In Connell v. Higginbotham 403 U.S. 207 (1971), the Supreme Court struck down as a violation of the First Amendment one of two loyalty oaths that Florida employees, in this case a substitute teacher, had been required to affirm. The stuck-down oath required teachers to say they didn’t believe in the violent overthrow of the government. In this unrelated photo, Abraham Glasser, Rutgers University teacher, swears to tell the truth before the House Un-American Activities Committee on March 12, 1953 in Washington, using his family Bible at his request. (AP Photo/William Allen, used with permission from the Associated Press)
In Connell v. Higginbotham 403 U.S. 207 (1971), the Supreme Court struck down as a violation of the First Amendment one of two oaths that Florida employees, in this case a substitute teacher, had been required to affirm.
Court struck down belief part of loyalty oath
A federal district court had already invalidated a section of the oath requiring individuals to affirm that they were not members of the Communist Party, would not lend it aid or support, and did not belong to any organization that believed in or taught the violent overthrow of the government. The court had upheld a provision providing that employees swear to support the state and federal constitutions and another specifying that they did not believe in the violent overthrow of either government by force or violence.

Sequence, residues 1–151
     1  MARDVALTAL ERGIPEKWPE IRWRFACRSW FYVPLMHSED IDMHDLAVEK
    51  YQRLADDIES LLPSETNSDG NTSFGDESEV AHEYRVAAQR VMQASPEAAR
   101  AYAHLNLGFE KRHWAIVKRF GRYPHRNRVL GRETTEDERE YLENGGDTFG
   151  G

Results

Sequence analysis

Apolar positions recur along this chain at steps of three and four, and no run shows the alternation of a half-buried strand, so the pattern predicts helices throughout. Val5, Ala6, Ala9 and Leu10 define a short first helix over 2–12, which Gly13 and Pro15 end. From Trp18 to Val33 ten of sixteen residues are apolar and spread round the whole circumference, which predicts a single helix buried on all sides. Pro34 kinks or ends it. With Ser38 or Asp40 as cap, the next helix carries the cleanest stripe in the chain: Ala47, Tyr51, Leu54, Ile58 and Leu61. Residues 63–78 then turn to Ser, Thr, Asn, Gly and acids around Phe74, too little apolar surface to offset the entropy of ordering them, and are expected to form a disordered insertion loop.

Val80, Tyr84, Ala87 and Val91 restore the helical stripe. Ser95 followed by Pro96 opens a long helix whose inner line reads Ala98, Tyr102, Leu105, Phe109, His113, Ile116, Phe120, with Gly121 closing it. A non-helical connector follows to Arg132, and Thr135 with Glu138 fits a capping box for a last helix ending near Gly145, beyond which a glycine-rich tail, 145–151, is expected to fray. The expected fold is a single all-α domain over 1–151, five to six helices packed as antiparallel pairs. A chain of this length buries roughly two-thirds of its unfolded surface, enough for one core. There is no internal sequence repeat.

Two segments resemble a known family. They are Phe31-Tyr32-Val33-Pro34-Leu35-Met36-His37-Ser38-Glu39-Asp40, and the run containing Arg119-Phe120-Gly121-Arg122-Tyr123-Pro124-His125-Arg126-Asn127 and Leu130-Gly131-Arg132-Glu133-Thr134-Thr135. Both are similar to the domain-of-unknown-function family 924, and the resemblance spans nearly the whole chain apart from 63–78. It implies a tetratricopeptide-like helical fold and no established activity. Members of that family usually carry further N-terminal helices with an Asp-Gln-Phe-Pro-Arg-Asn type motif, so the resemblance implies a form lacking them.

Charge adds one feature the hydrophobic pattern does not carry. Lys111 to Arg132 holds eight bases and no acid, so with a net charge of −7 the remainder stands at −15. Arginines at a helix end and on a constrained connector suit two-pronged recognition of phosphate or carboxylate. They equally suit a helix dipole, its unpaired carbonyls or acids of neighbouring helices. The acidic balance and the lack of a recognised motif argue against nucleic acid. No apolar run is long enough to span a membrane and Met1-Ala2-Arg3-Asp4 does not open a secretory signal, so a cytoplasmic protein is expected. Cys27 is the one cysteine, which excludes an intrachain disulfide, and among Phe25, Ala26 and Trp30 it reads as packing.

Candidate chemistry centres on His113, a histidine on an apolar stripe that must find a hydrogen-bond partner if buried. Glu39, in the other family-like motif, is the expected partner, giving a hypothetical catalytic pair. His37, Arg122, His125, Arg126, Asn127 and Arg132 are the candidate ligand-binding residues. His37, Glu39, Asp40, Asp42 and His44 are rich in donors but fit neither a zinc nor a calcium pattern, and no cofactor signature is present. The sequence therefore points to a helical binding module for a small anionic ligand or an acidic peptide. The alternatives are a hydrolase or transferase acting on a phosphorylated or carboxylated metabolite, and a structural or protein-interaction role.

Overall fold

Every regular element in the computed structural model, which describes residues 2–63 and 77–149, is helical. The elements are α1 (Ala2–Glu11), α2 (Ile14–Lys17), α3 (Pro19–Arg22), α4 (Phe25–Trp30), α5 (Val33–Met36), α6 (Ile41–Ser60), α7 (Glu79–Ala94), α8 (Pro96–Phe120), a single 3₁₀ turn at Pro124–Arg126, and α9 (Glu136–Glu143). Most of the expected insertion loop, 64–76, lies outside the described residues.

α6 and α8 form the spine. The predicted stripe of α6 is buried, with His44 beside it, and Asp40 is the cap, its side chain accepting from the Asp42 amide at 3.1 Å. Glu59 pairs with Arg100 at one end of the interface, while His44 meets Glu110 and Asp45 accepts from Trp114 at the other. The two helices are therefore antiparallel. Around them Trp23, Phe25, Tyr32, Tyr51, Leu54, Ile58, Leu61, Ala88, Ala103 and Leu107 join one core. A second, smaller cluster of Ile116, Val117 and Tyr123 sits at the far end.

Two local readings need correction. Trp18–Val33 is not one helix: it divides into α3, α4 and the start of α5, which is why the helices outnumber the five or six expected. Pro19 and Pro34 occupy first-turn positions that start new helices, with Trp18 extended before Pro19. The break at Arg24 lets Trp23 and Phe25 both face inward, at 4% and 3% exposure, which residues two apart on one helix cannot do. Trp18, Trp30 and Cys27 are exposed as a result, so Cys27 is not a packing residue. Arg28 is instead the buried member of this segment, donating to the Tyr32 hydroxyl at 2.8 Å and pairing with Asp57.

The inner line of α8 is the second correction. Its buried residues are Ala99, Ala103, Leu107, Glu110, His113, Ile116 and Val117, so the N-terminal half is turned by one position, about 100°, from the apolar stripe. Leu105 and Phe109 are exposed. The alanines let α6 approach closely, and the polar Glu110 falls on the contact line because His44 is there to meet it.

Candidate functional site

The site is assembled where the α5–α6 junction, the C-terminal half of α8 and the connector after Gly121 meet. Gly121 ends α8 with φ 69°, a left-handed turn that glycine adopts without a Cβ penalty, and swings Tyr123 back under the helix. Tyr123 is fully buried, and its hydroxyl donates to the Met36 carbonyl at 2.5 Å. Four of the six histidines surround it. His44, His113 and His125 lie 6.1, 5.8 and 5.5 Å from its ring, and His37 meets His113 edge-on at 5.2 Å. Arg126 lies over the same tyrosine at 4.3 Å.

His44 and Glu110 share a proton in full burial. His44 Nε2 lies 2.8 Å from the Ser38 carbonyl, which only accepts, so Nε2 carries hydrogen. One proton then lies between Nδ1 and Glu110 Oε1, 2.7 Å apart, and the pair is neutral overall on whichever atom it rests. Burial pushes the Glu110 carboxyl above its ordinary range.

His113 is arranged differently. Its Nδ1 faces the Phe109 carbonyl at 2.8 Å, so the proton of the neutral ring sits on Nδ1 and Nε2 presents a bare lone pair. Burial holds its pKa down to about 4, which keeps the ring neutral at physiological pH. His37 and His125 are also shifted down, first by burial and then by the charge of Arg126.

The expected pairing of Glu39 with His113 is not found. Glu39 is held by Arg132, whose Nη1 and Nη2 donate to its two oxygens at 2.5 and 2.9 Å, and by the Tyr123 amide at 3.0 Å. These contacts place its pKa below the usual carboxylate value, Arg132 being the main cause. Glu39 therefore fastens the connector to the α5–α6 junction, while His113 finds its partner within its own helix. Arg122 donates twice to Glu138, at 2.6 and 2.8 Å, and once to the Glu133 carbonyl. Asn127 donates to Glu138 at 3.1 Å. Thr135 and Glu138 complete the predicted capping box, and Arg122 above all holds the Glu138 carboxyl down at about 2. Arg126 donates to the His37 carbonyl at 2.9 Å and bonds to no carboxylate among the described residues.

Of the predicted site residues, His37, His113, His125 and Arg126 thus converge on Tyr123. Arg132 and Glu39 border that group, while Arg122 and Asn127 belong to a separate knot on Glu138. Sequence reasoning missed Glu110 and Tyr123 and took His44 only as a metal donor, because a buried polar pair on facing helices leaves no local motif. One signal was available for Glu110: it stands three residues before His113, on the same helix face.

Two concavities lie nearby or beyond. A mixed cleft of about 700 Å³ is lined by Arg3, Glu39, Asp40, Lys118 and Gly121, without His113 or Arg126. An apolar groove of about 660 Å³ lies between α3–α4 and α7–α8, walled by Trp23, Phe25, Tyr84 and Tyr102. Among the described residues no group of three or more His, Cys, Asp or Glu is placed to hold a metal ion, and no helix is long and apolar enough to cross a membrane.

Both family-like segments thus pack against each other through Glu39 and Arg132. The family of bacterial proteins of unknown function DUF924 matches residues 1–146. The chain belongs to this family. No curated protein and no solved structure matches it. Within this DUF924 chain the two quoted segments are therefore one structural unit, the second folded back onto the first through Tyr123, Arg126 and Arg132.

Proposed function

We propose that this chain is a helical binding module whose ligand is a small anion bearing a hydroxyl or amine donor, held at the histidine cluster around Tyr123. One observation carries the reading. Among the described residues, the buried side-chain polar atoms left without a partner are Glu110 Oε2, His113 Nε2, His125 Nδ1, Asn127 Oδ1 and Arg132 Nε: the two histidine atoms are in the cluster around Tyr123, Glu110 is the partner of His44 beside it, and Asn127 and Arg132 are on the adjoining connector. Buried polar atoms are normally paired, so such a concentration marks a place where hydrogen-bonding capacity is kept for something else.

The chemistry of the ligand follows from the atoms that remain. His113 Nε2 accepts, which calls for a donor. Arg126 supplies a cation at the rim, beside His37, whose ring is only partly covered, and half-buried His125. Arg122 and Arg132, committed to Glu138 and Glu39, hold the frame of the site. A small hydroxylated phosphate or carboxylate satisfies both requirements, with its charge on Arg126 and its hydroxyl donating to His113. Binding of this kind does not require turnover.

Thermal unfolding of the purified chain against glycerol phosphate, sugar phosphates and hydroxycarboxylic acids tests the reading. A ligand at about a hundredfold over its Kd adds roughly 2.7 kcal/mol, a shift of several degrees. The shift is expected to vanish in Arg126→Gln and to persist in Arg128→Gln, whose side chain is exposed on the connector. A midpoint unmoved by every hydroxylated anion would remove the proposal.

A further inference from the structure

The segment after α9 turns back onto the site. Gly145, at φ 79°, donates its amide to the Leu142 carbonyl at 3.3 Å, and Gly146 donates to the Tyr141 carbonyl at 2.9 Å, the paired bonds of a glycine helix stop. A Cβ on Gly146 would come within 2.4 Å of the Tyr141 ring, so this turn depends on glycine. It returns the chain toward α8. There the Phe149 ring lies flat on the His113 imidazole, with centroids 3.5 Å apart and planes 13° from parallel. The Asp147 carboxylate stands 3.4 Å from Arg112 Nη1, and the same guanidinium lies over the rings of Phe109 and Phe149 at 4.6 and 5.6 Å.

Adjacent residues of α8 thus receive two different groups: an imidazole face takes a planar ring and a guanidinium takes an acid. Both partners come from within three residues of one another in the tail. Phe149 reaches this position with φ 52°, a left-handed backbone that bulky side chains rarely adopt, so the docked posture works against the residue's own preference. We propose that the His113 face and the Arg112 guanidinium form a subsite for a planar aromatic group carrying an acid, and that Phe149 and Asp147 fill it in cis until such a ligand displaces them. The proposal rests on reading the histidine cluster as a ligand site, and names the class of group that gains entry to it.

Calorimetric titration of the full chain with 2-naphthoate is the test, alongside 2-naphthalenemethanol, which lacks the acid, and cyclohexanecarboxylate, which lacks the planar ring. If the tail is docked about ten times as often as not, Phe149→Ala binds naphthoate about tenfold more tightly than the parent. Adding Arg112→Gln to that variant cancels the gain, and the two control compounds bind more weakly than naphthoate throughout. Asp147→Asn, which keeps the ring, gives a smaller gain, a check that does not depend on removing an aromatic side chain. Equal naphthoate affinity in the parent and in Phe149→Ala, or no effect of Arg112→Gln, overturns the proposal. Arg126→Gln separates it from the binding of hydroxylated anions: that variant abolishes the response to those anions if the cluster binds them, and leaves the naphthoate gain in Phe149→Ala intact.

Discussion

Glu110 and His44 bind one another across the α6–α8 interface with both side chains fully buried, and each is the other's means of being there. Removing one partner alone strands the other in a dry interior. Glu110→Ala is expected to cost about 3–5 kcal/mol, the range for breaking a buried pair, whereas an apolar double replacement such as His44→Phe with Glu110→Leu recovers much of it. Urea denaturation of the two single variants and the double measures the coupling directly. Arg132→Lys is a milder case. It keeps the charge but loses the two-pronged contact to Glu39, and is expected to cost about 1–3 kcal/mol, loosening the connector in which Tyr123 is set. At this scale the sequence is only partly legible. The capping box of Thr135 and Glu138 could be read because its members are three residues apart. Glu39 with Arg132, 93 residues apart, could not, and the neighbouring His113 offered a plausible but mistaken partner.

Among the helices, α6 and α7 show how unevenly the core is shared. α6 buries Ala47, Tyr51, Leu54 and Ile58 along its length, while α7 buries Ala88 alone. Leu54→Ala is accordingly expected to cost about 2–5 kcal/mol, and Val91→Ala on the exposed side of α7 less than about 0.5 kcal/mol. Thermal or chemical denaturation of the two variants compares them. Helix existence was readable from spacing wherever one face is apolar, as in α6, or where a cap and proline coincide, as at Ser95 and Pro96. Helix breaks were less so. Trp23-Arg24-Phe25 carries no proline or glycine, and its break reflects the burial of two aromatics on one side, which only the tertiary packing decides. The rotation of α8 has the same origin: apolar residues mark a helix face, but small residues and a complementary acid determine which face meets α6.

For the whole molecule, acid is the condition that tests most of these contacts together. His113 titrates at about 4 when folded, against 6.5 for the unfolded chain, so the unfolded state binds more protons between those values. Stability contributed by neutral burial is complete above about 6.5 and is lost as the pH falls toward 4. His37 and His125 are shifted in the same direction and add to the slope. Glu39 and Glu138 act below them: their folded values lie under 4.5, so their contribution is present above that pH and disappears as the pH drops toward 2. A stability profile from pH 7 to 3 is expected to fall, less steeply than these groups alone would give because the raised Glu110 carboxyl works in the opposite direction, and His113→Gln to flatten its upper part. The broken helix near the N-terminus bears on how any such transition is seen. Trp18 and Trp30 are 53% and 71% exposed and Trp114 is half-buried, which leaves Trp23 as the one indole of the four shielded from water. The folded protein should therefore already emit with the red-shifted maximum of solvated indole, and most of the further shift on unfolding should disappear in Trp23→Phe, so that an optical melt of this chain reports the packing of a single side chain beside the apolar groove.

The Supreme Court’s per curiam opinion affirmed that existing cases settled the constitutionality of the first of these two remaining provisions relative to support of state and federal constitutions. But the Court asserted that an employee could not be dismissed for refusing to swear to the second part, relative to belief respecting the violent overthrow of the government, without the due process that a hearing would have provided.
Marshall: State cannot fire someone for their beliefs
In a concurring opinion joined by Justices William O. Douglas and William J. Brennan Jr., Justice Thurgood Marshall agreed that the provision concerning the support of state and federal constitutions was the type of “forward-looking, promissory oath” that “does not . . . offend” the First Amendment.
Even if a hearing were provided, however, he did not believe that the state should be able to fire someone for their beliefs.
Justice Potter Stewart’s dissent agreed that the provision calling for support of the state and national governments was constitutional but thought that the Court should remand the case to the district court to give authoritative meaning to the provision relative to beliefs about the violent overthrow of government before striking it down.
John Vile is professor of political science and dean of the Honors College at Middle Tennessee State University. He is co-editor of the Encyclopedia of the First Amendment. This article was originally published in 2009.Send Feedback on this article